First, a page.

Paris - IAAF president Sebastian Coe said he was reluctant to scrap all world records in track and field for fear of tainting clean athletes.
In an interview with AFP, Coe admitted that some records, notably in women's disciplines, were not legitimate.
But to sweep away existing records would harm athletes competing without resorting to doping, he said.
Athletics finds itself mired in arguably its worst ever crisis, with reports by the World Anti-Doping Agency alleging corruption was "embedded" in the sport's world governing body, the IAAF.
Russia has been banned over state-sponsored doping, with top IAAF officials found guilty of bribing doped athletes.
In the wake of the doping-linked corruption scandal, Britain's athletics federation called for a raft of policy changes including "resetting the clock on world records for a new era".
"We should be open to do whatever it takes to restore credibility in the sport," UK Athletics chairman Ed Warner said last week.
While agreeing there should be debate, Coe hesitated when asked if he backed a total rescinding of records.
"I have a concern of course, like anybody else who's come through the sport, that some records are more secure and safer than others," said Coe, who won two Olympic 1500m gold medals for Britain.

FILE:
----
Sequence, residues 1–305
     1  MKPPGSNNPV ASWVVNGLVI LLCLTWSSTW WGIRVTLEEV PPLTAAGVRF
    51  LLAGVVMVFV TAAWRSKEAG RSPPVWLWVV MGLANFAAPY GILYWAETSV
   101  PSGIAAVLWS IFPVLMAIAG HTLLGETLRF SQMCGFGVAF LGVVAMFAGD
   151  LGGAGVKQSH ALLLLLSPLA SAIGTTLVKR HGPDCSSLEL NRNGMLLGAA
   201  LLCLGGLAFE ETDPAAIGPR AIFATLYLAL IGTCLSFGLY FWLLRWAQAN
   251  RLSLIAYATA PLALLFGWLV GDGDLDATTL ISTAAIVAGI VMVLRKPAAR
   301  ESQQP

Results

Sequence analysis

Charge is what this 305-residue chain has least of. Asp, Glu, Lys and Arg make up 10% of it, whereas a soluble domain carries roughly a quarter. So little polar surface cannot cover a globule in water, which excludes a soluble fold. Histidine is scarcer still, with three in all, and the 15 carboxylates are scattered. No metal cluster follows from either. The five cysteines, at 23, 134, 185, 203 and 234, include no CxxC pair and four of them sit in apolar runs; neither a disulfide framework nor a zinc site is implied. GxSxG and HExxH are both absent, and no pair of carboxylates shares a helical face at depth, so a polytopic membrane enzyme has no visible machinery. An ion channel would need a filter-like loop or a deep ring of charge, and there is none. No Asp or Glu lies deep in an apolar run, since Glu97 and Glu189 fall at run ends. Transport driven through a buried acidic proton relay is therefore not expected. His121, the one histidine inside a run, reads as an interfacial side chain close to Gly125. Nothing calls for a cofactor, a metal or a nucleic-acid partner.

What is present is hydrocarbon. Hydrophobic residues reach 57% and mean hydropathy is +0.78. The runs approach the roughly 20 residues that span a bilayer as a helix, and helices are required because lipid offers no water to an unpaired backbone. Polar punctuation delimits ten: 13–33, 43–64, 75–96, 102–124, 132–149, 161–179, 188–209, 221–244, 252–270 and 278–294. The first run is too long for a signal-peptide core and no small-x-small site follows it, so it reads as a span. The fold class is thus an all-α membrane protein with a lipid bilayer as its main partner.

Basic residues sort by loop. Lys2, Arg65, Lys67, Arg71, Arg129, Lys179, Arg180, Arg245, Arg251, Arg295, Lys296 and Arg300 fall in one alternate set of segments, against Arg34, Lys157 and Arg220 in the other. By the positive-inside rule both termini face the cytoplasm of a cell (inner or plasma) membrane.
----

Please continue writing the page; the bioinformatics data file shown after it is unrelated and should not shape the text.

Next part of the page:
"We know that through systems that have in the past, as a matter of historic record, produced athletes that have probably not done this legitimately.
"That's a very different thing from penalising clean athletes who have gone about this over half of their young lives, with clean coaches and clean federations."
Coe added: "You have to be very careful here. I can understand the frustration.
"I know there are records on the book which are a real inhibitor, particularly in some of the female events, for athletes... in thinking that there isn't any reasonable hope that they're going to get within records that were set 30 or 40 years ago."
But Coe also gave his backing to clean athletes.
"I welcome the debate. I also understand the nervousness amongst clean athletes who legitimately hold records that could run the risk of just losing their history and actually the implication that they weren't doing it cleanly," he said.
"There is absolutely a debate to be had but we have to tread carefully here."
Ethiopian Genzebe Dibaba and Poland's Anita Wlodarczyk set new world records for the women's 1500m and hammer throw respectively last season.
But those were a comparative rarity, with many of the existing records dating back to the 1980s and 90s and seemingly well out of reach for the modern crop of top athletes.